Imagine a solid ball rolling down a slightly inclined ramp. What could be perceived as child’s play is the focus of serious theoretical research by Manoj Chaudhury and Partho Goohpattader, two physicists from Lehigh University, Bethlehem, Pensylvania, USA. Their study, which has just been published in EPJ E, has one thing in common with childhood behaviour. It introduces a mischievous idea, namely studying the effect of random noise, such as vibrations, on the ball. They found it could lower the energy barrier to set the ball in motion.

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EPJ Data Science Highlight - Tracking gene flow in marine plant evolution

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Genetic flow network for the Cymodocea nodosa marine plant. © A. P. Masucci et al.

Physicists and biologists apply Big Data statistical tools to study marine plant evolution

A new method that could give a deeper insight into evolutional biology by tracing directionality in gene migration has just appeared in EPJ Data Science. Paolo Masucci from the Centre for Advanced Spatial Analysis, at University College of London, UK, and colleagues identified the segregation of genes that a marine plant underwent during its evolution. They found that the exchange of genes, or gene flow, between populations of a marine plant went westward from the Mediterranean to the Atlantic. This methodology could also be used to estimate the information flow in complex networks, including other biological or social networks.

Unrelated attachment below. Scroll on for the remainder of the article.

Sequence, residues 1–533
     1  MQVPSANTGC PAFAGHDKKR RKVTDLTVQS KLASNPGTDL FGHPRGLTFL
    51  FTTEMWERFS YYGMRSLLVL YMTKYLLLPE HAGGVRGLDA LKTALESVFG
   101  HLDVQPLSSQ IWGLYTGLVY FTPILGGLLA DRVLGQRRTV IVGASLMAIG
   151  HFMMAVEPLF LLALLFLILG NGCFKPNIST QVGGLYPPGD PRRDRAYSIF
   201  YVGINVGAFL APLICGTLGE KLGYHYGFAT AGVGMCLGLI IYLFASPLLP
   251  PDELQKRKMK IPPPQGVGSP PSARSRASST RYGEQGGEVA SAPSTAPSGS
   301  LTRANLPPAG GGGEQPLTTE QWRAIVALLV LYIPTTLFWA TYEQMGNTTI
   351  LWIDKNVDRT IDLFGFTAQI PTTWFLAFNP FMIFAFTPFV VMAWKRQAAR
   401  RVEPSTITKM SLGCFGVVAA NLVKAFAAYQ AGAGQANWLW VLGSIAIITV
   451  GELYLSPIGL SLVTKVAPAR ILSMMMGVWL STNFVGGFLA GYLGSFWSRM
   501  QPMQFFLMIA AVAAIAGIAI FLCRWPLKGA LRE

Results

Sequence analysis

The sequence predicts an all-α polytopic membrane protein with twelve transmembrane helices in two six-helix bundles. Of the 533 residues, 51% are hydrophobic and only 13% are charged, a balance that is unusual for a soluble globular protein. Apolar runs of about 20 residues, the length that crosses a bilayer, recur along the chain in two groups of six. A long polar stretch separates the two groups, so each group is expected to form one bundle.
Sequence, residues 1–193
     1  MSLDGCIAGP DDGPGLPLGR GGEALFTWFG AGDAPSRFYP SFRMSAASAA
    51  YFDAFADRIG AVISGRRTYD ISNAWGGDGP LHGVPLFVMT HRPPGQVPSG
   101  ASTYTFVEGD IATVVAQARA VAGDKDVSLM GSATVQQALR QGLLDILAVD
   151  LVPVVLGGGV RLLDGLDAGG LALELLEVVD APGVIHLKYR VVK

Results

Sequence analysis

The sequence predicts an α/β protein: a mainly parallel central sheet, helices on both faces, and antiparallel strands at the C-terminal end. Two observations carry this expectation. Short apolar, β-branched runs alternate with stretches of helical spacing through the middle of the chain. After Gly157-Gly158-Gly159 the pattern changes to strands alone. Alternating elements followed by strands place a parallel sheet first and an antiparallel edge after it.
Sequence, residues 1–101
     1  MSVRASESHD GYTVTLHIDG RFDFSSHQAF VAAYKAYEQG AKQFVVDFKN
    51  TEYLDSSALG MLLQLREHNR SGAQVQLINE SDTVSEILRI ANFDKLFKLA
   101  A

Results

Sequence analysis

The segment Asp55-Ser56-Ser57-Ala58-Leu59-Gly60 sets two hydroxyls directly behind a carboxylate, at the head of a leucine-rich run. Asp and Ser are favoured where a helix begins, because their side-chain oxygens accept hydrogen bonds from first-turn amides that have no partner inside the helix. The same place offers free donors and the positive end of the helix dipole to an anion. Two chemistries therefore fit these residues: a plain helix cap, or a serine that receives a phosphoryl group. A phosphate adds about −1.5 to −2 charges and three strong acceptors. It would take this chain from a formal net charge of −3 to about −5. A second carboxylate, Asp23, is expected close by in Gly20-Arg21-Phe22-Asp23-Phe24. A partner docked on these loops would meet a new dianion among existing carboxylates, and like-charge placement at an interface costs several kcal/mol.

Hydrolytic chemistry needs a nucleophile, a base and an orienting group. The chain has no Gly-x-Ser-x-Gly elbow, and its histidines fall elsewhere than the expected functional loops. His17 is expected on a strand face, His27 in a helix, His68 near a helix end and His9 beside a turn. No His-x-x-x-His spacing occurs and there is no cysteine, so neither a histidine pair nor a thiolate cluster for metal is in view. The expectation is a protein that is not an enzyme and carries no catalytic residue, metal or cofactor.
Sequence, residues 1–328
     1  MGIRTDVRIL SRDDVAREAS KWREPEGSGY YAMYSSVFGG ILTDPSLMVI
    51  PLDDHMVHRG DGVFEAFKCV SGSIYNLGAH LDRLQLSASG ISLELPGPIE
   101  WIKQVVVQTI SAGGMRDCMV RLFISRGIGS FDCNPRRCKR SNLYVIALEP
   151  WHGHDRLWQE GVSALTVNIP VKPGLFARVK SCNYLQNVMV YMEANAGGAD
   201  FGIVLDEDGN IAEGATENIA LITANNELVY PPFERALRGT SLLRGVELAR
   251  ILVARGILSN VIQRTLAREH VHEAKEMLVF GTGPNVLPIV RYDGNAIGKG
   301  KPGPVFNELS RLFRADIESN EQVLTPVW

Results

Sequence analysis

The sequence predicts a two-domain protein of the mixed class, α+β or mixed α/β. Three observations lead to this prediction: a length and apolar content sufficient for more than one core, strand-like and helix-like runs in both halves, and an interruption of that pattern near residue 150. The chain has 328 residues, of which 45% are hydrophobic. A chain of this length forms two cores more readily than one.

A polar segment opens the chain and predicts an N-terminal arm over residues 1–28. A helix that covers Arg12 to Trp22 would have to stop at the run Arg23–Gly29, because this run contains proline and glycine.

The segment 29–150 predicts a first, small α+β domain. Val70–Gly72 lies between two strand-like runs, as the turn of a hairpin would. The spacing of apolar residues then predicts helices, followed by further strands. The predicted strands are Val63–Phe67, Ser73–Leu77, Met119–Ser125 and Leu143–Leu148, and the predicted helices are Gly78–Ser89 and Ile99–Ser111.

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EPJ C Highlight - Curvature Oscillations in Modified Gravity Theories as Possible Source of Ultra-High-Energy Cosmic Rays

The origin of ultra-high-energy cosmic rays, with energies around the GZK cutoff, remains an unsolved mystery. In the present letter a novel and intriguing explanation is suggested that links far-reaching fundamental aspects of F(R) modified theories to an efficient production of highly energetic cosmic rays during the recent history of the Universe.

At the core of this work lies the proof that in cosmological and astrophysical systems with rising energy densities, the F(R) modified theories of gravity exhibit powerful oscillations of the curvature scalar R, with an amplitude much larger than the standard value of curvature predicted by the General Relativity. These oscillations are strongly anharmonic, with frequencies that can be as large as billions of GeV. This striking and rather unexpected oscillatory behavior of R lends support to the idea that ultra-high energy cosmic rays can be generated by such curvature oscillations at the appropriate cosmological redshifts.